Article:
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Salt cellar

Salt cellar

ca. 1490-1530

Two continents mingle together in this container. Africans carved the ivory, and left traces of their features in the faces. European elements are evident in the clothes, keys, and bands of decoration that are typical of architecture under Emanuel I, King of Portugal from 1495-1521. A Portuguese report identifies Sierra Leone as the source for the artistic talent who "could carve in ivory any work which we draw for them." After completion, such an ivory would have graced the dining table of nobility during the Renaissance.
Ivory
12 3/16 x 7 7/16 x 4 1/2 in. (31 x 18.9 x 11.4 cm)
Gift of Katherine White and the Boeing Company
81.17.189
location
Not currently on view

Resources

Exhibition HistoryKansas City, Missouri, The Nelson Gallery and Atkins Museum, The Imagination of Primitive Man, 1962

Cleveland, Ohio, Cleveland Museum of Art, "African Tribal Images: the Katherine White Reswick Collection", July 10-September 1, 1968; Philadelphia, Pennsylvania, The University of Pennsylvania, October 10-December 1, 1968, (7/10 - 12/1/1968)

Los Angeles, California, Frederick S. Wight Gallery, University of California, "African Art In Motion", January 20-March 17, 1974; National Gallery of Art, Washington, D.C., April 21-July 30, 1974. (1/20 - 7/30/1974)

Seattle, Washington, Seattle Art Museum, "Selections from the Katherine White Collection", March 1, 1987 - August 1, 1987, (03/01/1987 - 08/01/1987)
Published ReferencesGrosz-Ngate, John H. Hanson, Patrick O'Meara, Africa: Fourth Edition, 2014, plate 8.12

The Cleveland Museum of Art, African Tribal Images: The Katherine White Reswick Collection, Cleveland, Ohio, 1968, no. 52

Dark, Philip J. C., An Introduction to Benin At and Techonology, Oxford: At the Clarendon Press, 1973. a, b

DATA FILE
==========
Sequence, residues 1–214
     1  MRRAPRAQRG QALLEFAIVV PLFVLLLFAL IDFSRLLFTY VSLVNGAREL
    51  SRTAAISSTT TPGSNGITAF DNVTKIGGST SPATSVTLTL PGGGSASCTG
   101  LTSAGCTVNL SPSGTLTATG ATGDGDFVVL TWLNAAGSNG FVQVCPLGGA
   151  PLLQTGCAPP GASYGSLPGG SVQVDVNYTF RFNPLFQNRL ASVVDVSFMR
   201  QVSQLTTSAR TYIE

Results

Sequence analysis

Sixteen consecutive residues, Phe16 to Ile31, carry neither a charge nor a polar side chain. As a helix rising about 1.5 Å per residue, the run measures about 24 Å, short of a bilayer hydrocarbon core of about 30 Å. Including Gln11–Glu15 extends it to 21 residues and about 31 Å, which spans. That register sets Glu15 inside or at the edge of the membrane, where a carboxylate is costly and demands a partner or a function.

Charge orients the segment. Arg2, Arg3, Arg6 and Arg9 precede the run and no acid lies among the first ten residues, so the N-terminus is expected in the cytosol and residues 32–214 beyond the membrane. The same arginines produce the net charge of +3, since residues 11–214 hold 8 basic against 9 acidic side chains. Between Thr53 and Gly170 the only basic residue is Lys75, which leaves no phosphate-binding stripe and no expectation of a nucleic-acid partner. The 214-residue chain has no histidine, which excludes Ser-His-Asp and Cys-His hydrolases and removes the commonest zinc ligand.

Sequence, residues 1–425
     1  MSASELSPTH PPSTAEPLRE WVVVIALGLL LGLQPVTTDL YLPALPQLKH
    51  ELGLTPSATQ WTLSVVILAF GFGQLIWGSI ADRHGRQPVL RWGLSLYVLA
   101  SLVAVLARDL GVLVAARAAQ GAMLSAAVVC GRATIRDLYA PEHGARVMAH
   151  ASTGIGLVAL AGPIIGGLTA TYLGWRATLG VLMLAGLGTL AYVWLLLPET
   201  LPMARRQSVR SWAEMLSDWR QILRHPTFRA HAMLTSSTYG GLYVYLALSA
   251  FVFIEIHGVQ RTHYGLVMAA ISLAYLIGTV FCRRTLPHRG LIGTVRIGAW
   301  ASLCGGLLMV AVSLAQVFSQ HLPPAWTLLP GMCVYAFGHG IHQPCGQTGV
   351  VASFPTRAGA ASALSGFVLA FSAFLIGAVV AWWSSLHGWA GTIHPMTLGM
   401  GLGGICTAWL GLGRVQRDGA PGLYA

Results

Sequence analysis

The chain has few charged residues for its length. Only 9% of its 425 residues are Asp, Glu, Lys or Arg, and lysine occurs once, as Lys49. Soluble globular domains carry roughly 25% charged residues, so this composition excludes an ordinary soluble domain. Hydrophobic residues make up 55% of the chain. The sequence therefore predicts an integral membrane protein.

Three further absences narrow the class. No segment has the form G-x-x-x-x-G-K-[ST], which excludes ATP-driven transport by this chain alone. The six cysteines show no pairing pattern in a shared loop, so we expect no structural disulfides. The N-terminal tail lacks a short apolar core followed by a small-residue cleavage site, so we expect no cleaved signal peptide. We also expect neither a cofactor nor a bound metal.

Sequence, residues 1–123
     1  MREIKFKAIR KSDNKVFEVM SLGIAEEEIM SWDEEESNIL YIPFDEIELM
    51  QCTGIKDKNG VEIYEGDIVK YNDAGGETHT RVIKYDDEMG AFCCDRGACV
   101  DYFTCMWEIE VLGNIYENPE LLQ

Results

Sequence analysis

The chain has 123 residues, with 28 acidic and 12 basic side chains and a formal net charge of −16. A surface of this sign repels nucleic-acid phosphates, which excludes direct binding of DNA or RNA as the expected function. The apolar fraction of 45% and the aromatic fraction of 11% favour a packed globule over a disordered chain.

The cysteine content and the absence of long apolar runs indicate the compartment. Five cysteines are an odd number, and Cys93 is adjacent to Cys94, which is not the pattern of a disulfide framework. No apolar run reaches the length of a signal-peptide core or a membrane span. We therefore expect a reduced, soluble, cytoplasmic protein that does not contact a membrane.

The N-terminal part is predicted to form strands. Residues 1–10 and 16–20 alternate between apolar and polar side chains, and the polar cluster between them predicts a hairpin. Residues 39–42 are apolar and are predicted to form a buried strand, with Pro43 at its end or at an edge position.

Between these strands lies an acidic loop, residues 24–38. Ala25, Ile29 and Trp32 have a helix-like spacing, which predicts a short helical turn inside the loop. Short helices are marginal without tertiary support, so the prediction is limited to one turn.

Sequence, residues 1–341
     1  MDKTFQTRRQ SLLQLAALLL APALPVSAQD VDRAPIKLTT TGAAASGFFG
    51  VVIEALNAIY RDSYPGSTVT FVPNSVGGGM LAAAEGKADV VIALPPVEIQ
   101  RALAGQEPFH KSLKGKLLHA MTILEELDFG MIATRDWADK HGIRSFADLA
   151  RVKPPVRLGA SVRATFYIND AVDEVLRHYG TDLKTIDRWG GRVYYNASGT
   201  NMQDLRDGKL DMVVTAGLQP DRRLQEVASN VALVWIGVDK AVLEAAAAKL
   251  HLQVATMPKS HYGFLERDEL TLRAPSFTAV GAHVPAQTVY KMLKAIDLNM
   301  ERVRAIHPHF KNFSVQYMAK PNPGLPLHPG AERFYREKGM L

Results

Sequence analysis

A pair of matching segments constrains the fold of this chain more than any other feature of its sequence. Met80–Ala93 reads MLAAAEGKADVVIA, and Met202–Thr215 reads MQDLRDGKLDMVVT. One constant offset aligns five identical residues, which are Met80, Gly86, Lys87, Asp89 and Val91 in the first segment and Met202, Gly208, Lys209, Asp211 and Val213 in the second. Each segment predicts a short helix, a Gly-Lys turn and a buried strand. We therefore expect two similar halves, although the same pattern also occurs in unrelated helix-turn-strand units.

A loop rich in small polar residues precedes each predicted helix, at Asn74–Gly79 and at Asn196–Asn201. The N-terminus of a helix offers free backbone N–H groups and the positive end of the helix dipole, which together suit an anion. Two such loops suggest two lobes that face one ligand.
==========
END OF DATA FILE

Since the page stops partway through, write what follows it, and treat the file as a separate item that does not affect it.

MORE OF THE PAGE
University of California Press, Berkeley and Los Angeles, California, African Art in Motion: Icon and Act, Robert Farris Thompson, 1974. p. 112-113 pl. 149

Lamp, Frederick. Cosmos, Cosmetics, and the Spirit of Bondo, in African Arts, Vol. 18, No. 3, May 1985, pp. 36, 98, illus. p. 36, no. 15

Joice, Gail, Michael Knight, and Pamela McClusky, Ivories in the Collection of the Seattle Art Museum, Seattle, WA: Seattle Art Museum, 1987, no. 15, pp. 20-21

Selected Works, Seattle, WA: Seattle Art Museum, 1991, p. 36

Blier, Suzanne Preston, Imaging Otherness in Ivory: African Portrayals of the Portuguese ca. 1492, in The Art Bulletin, Vol. 75, No. 3, Sept. 1993, illus. p. 392, no. 18

Hart, W.A., Quaderni Poro: Continuity and Discontinuity in the Art History of Sierra Leone, 1995, ill. no. 10 (reproduction)

Seattle Art Museum: Bridging Cultures, London: Scala Publishers Ltd. for the Seattle Art Museum, 2007, pp. 58-59, illus. p. 58

Mellon, James. The Great African Bangle Culture. Douglas: Fruitful Publications, 2018; p. 109, reproduced.

Seattle Art Museum acknowledges that we are on the traditional homelands of the Duwamish and the customary territories of the Suquamish and Muckleshoot Peoples. As a cultural and educational institution, we honor our ongoing connection to these communities past, present, and future. We also acknowledge the urban Native peoples from many Nations who call Seattle their home.

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